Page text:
The Four Seasons Hotel Austin was a perfect choice for Whitney and Mathew’s autumn wedding. The January engagement luncheon that they booked on the hotel’s restaurant terrace overlooking Lady Bird Lake was going to be everyone’s preview for all the lavish food and service that would be part of their big day.
No doubt about it—folks in the city of Austin, Texas, knew how to entertain.
Whitney’s parents, thankfully, splurged for a block of rooms for out-of-town guests. Amaree nabbed a room on the sixth floor. She was well-acquainted with the downtown area due to her frequent trips to the state capital as an environmental lobbyist. Texas’ most valuable resource in the twentieth century had been oil. But, in the twenty-first, it was water. And she fought hard to lobby for protection of it. Whenever she made the trip into Austin, she also partied hard.
That was just what people in Austin did.
But, today, her focus was on Whitney.
“Let me just run back up to get something.” She wanted to retrieve a sweater to cover her sleeveless dress in case there was a breeze coming off the lake, even though it was an unseasonably warm Texas winter day.
“You’ll see the tables marked on the terrace.” Whitney called after Amaree, but she was already bounding toward the elevators, searching her purse for the room card as she walked.
Finding the card, which doubled as elevator security, Amaree inserted it into the keypad to access the sixth floor. She glanced at her watch, debating whether she had enough time to check her email once she got to her room. As the doors slid closed, a hand caught one, forcing them open again. Amaree startled at the sudden commotion.
“Hold that, will you?” a male’s voice led before she had a chance to see the face.
But she didn’t need to. She knew.
His recognition of her was as immediate. “Amaree.”
Even though eight years had passed since they were a couple, nothing in his voice changed. Her name still melted from his lips.
She took quick inventory of the hand that grasped the elevator door before he had a chance to move it. It was ringless, like hers.
Single, then. That makes two of us.
Evan shifted a leather duffle bag strap on his shoulder as he maneuvered into the elevator with Amaree. The weight of the bag pulled on his shirt, stretching the collar of his button-down to reveal a coppery neck, lean yet masculine. Amaree remembered his whole body being like that, even in high school. Evan was a walking sculpture of an Adonis, epitome of pure enchantment. And from what she could see now, he was still as classically handsome as any Greek figure. Time had transformed him into an even better version.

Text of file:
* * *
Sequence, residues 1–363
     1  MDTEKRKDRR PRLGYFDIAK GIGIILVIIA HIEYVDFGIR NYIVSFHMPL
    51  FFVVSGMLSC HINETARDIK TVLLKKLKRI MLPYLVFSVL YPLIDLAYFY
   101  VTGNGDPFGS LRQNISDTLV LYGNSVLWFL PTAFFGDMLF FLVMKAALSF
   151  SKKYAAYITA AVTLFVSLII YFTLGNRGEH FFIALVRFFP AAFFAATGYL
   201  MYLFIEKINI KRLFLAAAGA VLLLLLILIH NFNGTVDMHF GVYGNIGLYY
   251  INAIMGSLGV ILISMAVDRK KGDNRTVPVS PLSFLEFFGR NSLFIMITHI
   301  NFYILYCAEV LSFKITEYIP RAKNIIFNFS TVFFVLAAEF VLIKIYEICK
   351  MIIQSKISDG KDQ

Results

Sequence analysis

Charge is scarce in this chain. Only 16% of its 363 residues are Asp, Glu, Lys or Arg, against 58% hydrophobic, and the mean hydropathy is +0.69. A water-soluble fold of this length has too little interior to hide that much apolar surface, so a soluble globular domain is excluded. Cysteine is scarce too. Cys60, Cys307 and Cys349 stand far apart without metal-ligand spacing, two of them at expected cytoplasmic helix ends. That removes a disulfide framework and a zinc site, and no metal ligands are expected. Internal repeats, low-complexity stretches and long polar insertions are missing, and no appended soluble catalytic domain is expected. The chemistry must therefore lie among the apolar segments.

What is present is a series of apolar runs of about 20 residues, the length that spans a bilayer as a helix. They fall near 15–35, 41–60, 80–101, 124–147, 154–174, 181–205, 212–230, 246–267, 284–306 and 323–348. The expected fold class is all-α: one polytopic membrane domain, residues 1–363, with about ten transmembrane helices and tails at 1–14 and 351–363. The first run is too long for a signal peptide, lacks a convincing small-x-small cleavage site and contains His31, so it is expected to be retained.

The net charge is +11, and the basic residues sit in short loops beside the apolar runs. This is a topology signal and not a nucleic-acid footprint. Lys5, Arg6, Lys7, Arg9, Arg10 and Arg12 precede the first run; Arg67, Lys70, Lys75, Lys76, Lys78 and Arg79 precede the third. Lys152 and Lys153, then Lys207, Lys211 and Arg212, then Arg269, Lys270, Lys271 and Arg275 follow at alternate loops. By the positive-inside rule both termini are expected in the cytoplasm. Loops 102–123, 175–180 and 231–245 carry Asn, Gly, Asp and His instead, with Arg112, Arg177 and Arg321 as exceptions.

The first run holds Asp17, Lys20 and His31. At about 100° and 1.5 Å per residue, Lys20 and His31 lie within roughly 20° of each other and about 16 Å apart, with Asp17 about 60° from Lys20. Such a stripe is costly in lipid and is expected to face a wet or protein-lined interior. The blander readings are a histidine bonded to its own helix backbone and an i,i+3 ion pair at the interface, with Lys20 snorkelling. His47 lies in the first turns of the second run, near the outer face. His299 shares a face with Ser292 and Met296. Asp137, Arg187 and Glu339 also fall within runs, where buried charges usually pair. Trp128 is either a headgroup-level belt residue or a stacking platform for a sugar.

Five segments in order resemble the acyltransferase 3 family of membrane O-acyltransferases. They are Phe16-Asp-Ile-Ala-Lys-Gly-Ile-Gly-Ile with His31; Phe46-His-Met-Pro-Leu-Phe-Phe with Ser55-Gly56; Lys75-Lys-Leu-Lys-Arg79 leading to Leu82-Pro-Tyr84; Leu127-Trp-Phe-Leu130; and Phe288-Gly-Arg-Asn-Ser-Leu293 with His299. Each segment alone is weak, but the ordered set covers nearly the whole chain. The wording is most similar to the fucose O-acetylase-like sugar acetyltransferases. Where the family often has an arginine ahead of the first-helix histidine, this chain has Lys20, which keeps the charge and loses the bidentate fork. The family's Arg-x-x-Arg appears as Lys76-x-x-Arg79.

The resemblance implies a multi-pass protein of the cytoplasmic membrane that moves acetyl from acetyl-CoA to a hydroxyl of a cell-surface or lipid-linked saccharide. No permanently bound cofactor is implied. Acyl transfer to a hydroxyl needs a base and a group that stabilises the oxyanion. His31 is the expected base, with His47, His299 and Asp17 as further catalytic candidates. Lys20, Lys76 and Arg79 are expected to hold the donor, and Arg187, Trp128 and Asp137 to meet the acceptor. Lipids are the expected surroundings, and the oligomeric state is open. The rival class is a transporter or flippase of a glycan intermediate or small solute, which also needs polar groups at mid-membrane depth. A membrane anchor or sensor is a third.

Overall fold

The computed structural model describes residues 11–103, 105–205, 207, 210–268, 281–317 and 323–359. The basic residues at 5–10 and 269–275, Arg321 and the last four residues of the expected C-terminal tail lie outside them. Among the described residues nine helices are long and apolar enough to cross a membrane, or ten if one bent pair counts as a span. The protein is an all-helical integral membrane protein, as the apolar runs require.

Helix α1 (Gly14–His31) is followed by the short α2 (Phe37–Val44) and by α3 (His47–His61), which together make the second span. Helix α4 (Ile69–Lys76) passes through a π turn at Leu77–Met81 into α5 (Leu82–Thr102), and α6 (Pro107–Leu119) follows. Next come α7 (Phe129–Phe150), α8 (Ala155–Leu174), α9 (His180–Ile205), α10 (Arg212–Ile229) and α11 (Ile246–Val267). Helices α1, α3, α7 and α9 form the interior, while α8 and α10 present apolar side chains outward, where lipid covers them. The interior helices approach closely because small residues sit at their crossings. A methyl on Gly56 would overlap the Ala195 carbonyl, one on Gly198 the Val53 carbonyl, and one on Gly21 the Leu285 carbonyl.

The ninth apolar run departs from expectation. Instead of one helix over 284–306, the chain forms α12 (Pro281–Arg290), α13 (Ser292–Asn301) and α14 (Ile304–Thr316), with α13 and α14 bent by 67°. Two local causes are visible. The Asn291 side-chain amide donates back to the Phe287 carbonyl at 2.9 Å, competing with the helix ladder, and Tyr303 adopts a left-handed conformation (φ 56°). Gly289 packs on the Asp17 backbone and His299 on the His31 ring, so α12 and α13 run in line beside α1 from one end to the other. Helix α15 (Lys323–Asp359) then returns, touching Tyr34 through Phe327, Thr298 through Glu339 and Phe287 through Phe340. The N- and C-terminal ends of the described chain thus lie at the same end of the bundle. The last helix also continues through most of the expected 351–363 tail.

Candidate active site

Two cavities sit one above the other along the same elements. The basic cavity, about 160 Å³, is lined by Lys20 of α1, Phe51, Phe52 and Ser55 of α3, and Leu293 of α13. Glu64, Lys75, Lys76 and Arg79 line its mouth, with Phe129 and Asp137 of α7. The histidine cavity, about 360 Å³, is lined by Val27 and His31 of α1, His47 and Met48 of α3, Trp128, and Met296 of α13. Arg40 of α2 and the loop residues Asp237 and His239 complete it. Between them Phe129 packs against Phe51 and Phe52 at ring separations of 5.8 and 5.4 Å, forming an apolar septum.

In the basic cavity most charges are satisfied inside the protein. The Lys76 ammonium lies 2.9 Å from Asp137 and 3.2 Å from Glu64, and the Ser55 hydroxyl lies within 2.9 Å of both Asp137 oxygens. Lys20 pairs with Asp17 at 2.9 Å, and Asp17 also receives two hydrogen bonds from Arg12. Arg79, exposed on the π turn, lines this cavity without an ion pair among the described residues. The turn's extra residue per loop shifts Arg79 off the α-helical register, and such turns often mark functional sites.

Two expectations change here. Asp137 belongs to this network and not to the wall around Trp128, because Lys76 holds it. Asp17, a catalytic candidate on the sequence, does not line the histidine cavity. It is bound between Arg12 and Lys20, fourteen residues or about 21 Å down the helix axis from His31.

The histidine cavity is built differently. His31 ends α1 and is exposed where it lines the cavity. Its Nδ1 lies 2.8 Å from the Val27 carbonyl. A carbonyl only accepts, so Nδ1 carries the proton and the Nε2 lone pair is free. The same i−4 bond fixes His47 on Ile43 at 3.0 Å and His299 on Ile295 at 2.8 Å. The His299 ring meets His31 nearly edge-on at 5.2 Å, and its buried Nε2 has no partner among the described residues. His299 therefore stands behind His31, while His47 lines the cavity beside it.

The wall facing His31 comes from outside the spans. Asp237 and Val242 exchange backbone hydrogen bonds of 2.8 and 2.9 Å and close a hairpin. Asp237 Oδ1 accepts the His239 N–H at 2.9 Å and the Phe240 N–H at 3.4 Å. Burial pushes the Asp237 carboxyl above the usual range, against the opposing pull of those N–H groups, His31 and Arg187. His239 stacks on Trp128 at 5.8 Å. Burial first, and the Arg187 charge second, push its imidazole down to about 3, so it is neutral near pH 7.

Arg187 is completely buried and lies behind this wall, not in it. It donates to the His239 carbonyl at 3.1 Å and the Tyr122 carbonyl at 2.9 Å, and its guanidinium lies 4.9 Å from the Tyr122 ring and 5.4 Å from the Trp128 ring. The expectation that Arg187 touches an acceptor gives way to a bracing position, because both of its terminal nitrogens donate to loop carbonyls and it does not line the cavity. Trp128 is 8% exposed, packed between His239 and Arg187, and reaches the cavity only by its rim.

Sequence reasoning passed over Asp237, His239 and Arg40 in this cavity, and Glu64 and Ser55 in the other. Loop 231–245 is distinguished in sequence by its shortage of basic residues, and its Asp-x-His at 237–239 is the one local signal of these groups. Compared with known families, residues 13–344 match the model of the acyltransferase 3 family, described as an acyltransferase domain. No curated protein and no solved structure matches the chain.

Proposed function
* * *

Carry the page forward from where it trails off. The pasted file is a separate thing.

She caught herself daydreaming. She forced herself to reply, with a half-truth. “I didn’t know you were going to be here.” And she didn’t. Not until five minutes ago when Whitney told her.
“Well, here I am.” Evan stood closer than he needed to in an elevator that only included them. Amaree’s heart was already racing, and she wondered if his was doing the same. The doors slid closed.
“So you are,” Amaree mused. “What floor?”
Evan glanced at his card sleeve. “Eight.” He flipped to the back of it where there was writing from the check-in clerk. “I’m staying in suite 824.”
Is that an invitation? Amaree felt a rush of heat to her cheeks.
Evan filled the air with an admission. “I’m glad you’re here.”
Seeing Evan in the flesh and hearing his voice made Amaree’s stomach leap. She wanted to respond back, but words couldn’t get past the lump forming in her throat.
Evan continued instead. “I’ve been thinking about you. Recently.”
And Amaree swore the last word dripped with sincerity.
She met his eyes and swallowed hard to find courage to reply. “Well,” she started, but already felt herself getting lost in his gaze. “We’ll have some time to catch up.” The heat in her cheeks moved into her chest, down her torso, and between her legs in a way that ached with an immediate sexual charge.
Instantaneous desire pulsed through her veins, blood rushing into parts that she yearned to place nearer to Evan. Even a small touch would do: a brush of her thigh against his or a stroke with the pad of her finger on the skin of his forearm. Surely he had to feel the energy that emanated.
If he did, his statuesque form didn’t falter. He stood steadfast, as if on exclusive display in the intimate space for Amaree’s eyes. And her libido.
A ding signaled the sixth floor landing, Amaree’s cue to exit. She had to consciously force her legs to step forward, even though they wanted nothing more than to lunge toward Evan instead.
Her move in the direction of a departure spurred Evan into a quick compliment, one that quieted any doubt about her appearance. “You look incredible, Amaree.”
His eye contact and sincerity were not lost on Amaree. Even though she struggled at times with her body image, she was much more of a woman now than when they were together in high school. And from the looks of it, he was much more a man.
They did have quite a bit of catching up to do.
End of Excerpt